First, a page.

Malaysia in the Era of Globalization #96

M Bakri Musa

Chapter11: Embracing Free Enterprise

Encouraging Entrepreneurialism

Starting Small

The remarkable thing about these initiatives I describe is that individually and in the aggregate, they would cost very little. The default rate for such loans is very low, as demonstrated by the experience of Grameen Bank in Bangladesh. But the most important benefit of such a scheme is that it would encourage trade among ordinary Malays and teach them the value of business and free enterprise. This would help eradicate the ingrained mindset of forever waiting for the government or someone else to provide them with a paycheck.

Once we have succeeded in producing such low level entrepreneurs then we could move up the ladder, to professionals and sub-professionals like accountants, lawyers, and engineers. From there, the government could then target the bigger contractors and major players. And with involvement at each level, the government would have better experience in assessing the risks and viability of the various individuals and proposals.

The difference between my plan and the government’s present strategy is that I let the market decide who should get the benefit of government help, not some all-knowing civil servant back in Kuala Lumpur. Further my plan is considerably cheaper and impacts many more people, in contrast to the present where billions are being lavishly squandered on the few. Lastly my plan will produce real entrepreneurs, not the armchair types that the Malay community currently have in abundance.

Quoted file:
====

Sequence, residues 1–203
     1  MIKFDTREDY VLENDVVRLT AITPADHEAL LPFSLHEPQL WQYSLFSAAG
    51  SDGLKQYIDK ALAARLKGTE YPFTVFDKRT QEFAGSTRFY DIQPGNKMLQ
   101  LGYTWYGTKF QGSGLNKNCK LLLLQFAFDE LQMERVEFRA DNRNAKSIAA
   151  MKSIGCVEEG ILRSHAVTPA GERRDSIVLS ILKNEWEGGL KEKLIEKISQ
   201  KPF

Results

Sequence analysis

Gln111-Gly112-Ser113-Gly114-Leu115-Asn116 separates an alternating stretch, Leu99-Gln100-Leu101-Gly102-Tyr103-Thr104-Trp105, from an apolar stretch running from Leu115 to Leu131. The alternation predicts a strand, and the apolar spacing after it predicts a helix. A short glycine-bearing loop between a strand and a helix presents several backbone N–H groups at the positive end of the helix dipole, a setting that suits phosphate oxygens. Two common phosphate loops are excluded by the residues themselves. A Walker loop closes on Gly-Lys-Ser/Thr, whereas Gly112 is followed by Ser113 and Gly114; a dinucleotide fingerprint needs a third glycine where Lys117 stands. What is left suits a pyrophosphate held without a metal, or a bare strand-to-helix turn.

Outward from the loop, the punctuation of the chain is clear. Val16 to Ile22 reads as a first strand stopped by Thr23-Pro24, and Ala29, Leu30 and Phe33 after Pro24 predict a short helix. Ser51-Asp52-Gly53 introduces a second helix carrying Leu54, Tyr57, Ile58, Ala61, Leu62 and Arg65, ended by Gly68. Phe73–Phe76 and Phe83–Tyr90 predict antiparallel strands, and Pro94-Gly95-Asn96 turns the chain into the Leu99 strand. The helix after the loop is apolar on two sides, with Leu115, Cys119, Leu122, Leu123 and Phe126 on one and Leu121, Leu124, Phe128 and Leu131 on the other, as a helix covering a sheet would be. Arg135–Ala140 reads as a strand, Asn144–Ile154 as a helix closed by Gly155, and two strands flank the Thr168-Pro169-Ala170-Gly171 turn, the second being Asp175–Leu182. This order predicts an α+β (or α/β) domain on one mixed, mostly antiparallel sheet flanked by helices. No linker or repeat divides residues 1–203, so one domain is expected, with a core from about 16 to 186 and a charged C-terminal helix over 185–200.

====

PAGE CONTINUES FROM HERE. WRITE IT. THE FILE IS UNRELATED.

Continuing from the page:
The remarkable observation about many successful companies of today is that they all started small. HP and Apple Computer were both started by engineers tinkering in their garages. No Washington official earmarked them for success. Grooming entrepreneurs from below would prove more enduring and successful, in contrast to the present strategy of starting at the top.

My point is, we do not know where the next spark will come from. What is important is that we must create the conditions whereby should that spark ignite, it would start a chain of reactions far and beyond. This notion that some high and mighty bureaucrat or esteemed leader sitting in his air-conditioned office in Kuala Lumpur could pick industry winners, is pure bunk. And their track record proves it. The sooner Malaysian leaders disabuse themselves of this delusion the better it would be the nation.

One of the lessons of history is that no society that values order above everything else will encourage creativity among its citizenry. Such societies will be orderly all right, but they will not be creative or blazing new trails. The reverse is equally true, that is, without some degree of order, creativity will disappear.